Pots, pots, pots! Another way to add size to small spaces follows the same principle as adding vines, but instead with pots! Pots are made in all sizes- from very large, to tiny. Use varying sizes of pots to create visual depth in an area that doesn't have a lot of actual depth. Place larger pots behind smaller ones in groups, and don't be afraid to fill them with perennials that you often see in large landscapes. Many perennials will live just fine in pots. Grasses are a wonderful choice in pots and do well in pot culture. There are many sizes of grasses, and they are all excellent choices depending on the size of the pot. Try layering medium pots among a display with this lovely Acorus Ogon Grass. It's bright yellow variegation will brighten up a small space without much work. The 'Chip' series of butterfly bush is another great perennial for pot culture, and their small size makes them ideal for small spaces. 'Blue Chip' will play well with the Ogon grass in a pot display in full or partial sun. Layer in pots of annuals too- often found in pretty, ready to display pots for purchase.
Opt for smaller ornamental versions of the big things. One simple example - Japanese maples. Even if you have limited ground space, there's likely a cultivar of these amazing small trees that will be able to grace your front area. Some of these trees can even be grown in large pots - which is essential if you live in an area where it may get too cold to keep most Japanese maple cultivars outside year-round. We love the Japanese Butterfly Tree, which tops out at a small 10 feet in height and sports lovely color in foliage all year-long. You can trim Japanese maples to take on that open, gnarled, and layered characteristic that we all picture well-kept Japanese maples as, or you can allow this cultivar to grow and fill out as it pleases for a lovely, balanced look. It's small and unobtrusive size will make it perfect for most all small spaces, and will easily add a pop of color where you need it most.
For more ideas on adding small size plants to your small yard, check out our Small Size Plants. We hope these three ideas help you create a big impact in your small front yard space. Build a beautiful front yard with these three ideas and you'll soon have the front façade of your dreams- even if it is tiny!
Having a beautiful and lush lawn can be really a challenge especially for new homeowners. However, if you know the best tips for effective lawn care, expert gardening professionals say, the task can be accomplished so much faster. You can save some money, too, and avoid the pains of physical exertion in the garden. Here are easy and effective tips from the pros that you can use to make lawn care successful.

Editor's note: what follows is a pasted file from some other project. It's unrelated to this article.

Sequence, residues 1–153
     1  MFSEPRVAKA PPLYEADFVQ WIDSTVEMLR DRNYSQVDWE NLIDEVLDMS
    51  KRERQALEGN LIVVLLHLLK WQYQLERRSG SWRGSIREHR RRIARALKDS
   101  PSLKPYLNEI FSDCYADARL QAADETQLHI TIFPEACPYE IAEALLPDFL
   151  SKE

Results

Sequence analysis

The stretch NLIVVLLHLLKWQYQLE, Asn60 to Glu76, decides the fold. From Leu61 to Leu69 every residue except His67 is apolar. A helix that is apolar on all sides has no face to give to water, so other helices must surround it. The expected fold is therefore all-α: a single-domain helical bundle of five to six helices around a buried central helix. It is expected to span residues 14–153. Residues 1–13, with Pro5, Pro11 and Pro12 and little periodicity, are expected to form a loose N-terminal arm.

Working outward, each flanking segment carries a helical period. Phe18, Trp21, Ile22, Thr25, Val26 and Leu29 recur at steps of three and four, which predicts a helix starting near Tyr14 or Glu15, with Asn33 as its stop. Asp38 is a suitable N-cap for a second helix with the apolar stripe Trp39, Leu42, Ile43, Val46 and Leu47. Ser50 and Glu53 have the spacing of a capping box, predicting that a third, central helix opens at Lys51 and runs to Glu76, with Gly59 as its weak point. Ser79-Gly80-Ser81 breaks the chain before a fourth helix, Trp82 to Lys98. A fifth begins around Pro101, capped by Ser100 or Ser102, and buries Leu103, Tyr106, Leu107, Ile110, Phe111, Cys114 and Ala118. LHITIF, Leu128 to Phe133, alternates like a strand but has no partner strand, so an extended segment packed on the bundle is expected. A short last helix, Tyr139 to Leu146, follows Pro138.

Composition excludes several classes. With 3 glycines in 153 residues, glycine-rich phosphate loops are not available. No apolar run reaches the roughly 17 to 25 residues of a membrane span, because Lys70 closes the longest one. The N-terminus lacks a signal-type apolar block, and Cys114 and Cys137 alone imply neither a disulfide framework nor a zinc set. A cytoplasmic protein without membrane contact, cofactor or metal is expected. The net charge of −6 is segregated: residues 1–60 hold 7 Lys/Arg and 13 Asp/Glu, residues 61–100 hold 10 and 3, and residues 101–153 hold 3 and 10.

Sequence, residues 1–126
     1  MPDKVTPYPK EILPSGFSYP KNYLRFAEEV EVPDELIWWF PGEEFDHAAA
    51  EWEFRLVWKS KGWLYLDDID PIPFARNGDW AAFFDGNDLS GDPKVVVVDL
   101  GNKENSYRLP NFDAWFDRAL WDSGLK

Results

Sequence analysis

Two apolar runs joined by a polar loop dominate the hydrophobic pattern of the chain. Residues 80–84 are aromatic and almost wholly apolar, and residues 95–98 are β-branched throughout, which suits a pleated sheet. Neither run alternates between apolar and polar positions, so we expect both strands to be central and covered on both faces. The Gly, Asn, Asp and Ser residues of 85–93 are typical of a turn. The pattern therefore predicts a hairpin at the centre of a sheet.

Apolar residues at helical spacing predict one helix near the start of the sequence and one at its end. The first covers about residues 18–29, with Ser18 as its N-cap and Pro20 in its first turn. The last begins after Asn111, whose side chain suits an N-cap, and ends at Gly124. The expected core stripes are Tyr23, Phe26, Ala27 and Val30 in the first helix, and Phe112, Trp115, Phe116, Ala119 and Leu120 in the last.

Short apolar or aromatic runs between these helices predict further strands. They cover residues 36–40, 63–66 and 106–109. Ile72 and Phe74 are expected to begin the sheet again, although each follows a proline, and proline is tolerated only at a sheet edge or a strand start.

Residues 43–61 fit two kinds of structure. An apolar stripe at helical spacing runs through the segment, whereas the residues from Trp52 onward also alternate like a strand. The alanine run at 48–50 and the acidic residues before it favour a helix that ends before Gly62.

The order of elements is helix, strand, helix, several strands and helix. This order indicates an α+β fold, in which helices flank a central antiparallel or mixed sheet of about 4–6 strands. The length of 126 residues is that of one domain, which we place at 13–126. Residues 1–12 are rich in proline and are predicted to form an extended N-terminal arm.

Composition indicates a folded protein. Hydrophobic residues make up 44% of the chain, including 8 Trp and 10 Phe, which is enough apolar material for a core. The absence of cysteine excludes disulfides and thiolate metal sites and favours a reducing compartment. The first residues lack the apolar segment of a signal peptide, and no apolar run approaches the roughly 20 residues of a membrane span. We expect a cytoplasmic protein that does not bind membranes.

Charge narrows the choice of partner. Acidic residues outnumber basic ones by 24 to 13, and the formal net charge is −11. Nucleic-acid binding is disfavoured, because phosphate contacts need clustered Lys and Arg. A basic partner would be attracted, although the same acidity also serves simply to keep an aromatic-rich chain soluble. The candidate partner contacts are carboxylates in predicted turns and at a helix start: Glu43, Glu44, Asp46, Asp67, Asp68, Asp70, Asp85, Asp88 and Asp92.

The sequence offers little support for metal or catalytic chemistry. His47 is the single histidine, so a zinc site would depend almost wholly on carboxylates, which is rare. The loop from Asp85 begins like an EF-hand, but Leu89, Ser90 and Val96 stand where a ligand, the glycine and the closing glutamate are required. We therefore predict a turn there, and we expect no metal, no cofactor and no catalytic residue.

For those battling body aches by soaking in water with Epsom salts, you can use that bath water not just to hydrate but also fertilize your lawn. The magnesium in Epsom salts makes for a lusher and greener lawn. Doing this can also impact your water bill.
If you like to water your lawn or garden in the evening, the experts in lawn care that most residents turn to say you should stop doing so. It's best to avoid watering when the sun has set for doing so can encourage visits from all kinds of pests. Likewise, evening or overnight watering is known to increase the likelihood of diseases that can alter the lovely appearance of your turf. If you wish for your soil to remain moist even in the scorching months of summer, let grass grow from 3.5 to 4 inches. By letting grass grow to these heights, soil is properly shaded, and it retains more water to keep plants adequately hydrated. Another benefit here is that when the grass is taller, it's less impervious to heat. Therefore, save yourself the sun exposure and wait a little longer between lawn mowing sessions.
Additionally, according to the professionals, before mowing your lawn, make sure that your lawn mower's blades are sharp. Not only will this make mowing a lot easier, but it's also more beneficial for the grass. Clean and sharp cuts allow grass to heal much faster. If you're using corn gluten meal to prevent weeds, it's best to hold off on fertilizer for a while since both have nitrogen. While nitrogen can promote a healthier lawn, too much of a good thing is always bad. Excessive nitrogen is counter-productive. You may also want to rake your grass clippings when you use corn gluten because grass clippings release nitrogen as well.
These are only some of the best tips for successful lawn care. They will not only help create a great-looking turf, but they'll also save you energy, money and time especially for those who are new to having their own lawn.